Part III summarizes the role of school choice in the education debate and focuses upon the options presented by public, as opposed to private, school choice plans. In Part III, I distinguish charter schools from other choice plans by highlighting their various approaches to policymaking. I explain how charter schools provide autonomy in the selection of means to achieve desired educational ends. Their focus upon independent, collective management provides a mechanism through which black America can receive greater benefits from school choice. Even though the Charter Movement is still in its infancy, the innovative teaching and learning models developed in charter schools are expected, over the long run, to translate into benefits for children district-wide. While charters are believed to have independent value apart from academic outcomes, they warrant support for their potential to improve measurably the quality of public education overall. In Part IV, I conclude that charter schools--which involve parents in the education of their children--offer a viable option for the effective education of black children in the years to come.
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One proponent argues that the very nature of school choice has significant independent value apart from academic achievement or other goals articulated by state legislatures. The promises of school choice are not purely or even significantly academic:
Choice provides a sense of ownership to the teachers, parents, and students, thereby restoring morale and renewing commitment and creativity to the educational process. Student aspirations to graduate increase, as do parent and student satisfaction levels with the chosen school. Thus school choice may effectively establish and maintain beneficial school communities and cultures, thereby contributing indirectly to students' academic and personal growth.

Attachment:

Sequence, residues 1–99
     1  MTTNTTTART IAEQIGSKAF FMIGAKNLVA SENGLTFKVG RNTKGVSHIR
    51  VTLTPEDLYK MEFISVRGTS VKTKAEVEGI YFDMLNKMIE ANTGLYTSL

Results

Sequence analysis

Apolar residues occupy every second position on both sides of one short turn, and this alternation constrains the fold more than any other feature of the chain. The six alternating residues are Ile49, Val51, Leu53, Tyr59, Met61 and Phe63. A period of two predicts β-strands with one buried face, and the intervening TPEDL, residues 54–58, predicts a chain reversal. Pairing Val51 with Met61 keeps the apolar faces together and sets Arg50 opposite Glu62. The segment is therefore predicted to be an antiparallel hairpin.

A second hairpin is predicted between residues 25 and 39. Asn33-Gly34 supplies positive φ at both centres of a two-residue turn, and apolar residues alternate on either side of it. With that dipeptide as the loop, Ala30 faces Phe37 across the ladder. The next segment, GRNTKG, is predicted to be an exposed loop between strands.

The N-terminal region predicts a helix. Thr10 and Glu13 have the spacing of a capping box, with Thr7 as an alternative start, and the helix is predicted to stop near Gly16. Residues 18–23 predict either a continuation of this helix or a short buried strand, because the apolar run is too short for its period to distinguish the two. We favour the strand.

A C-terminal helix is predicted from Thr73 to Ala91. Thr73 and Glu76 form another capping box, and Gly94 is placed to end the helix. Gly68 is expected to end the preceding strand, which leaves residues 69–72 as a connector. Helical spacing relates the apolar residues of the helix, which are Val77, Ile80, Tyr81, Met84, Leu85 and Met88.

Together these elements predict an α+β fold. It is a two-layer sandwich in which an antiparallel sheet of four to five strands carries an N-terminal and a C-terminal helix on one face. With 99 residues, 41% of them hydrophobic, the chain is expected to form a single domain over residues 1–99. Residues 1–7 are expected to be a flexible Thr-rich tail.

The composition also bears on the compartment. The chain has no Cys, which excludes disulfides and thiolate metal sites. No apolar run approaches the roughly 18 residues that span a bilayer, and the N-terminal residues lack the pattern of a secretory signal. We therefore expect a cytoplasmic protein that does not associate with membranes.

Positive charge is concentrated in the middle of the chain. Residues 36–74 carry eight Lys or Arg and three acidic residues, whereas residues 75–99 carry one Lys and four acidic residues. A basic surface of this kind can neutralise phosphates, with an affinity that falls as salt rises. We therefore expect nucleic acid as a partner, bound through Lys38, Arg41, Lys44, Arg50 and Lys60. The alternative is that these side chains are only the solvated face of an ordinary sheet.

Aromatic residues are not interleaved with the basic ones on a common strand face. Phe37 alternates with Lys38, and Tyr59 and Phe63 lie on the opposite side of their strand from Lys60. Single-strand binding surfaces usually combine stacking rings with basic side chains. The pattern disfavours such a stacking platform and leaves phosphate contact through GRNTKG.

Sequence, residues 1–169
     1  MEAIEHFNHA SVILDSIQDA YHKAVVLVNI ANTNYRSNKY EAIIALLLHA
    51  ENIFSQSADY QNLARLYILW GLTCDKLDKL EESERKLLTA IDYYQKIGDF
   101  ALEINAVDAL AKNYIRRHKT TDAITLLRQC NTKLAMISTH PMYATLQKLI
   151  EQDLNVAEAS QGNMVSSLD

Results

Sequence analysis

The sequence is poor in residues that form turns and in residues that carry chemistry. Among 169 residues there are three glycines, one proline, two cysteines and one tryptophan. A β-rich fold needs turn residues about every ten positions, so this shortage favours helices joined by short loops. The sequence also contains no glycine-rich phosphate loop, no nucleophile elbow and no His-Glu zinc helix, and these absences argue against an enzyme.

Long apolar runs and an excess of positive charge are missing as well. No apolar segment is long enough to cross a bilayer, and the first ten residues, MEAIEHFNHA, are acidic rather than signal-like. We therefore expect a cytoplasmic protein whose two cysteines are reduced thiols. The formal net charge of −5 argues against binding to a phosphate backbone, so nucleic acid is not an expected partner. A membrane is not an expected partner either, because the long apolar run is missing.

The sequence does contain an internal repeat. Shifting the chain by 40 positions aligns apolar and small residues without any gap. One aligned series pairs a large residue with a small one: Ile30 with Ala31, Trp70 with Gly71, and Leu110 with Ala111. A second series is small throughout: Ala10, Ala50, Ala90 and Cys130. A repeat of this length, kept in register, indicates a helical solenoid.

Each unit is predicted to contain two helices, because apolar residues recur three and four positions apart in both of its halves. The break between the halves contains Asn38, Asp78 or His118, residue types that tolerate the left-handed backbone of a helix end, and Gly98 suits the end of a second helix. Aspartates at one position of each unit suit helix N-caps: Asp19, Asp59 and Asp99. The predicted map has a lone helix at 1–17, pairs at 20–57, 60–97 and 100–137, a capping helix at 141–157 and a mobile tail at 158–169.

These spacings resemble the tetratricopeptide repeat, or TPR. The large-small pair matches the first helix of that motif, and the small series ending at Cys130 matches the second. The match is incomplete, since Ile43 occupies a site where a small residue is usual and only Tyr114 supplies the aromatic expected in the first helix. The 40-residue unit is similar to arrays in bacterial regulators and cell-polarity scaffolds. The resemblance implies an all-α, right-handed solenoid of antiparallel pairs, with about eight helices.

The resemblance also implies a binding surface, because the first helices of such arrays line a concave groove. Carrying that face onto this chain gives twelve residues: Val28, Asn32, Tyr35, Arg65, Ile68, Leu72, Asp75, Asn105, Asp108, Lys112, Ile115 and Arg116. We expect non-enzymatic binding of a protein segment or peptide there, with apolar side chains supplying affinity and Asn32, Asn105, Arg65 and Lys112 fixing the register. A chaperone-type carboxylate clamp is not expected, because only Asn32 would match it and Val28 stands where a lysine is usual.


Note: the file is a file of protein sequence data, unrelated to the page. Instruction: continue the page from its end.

As an African-American parent who has sent one daughter to predominantly white schools most of her life, I know that we have indeed paid the price that Dr. Wilkinson so candidly described. The single most important thing that the movement toward school choice demonstrates is that constitutional declarations have little meaning in the lives of children when their parents are precluded from active participation in the design and implementation of school programs. No doubt many of the parents involved in establishing the all-black male academies understood that their efforts would benefit children who were not their own. Many educators welcome and achieve success with students whose parents are unwilling or unable to take part in school programs.
We are all entitled to greater and varied involvement in the educational programs of our children. Moreover, this involvement will benefit our children, whose performance, academic achievement, and social development will all dramatically improve. As one commentator has noted: “Studies have repeatedly shown that effective schools share the characteristics of participant ownership, freedom from external constraints, and a strong and distinctive culture.”
Schools that effectively educate African-American children can be opened and run by those with the experience and the desire to maintain and preserve a school culture and community morale in which black children know first-hand that they can become valedictorians, top scorers on standardized tests, class presidents, and editors of student newspapers. They can be an effective arm of communities in transition as black America faces a twenty-first century that looks all too similar to the nineteenth.
Professor of Law, University of Connecticut School of Law.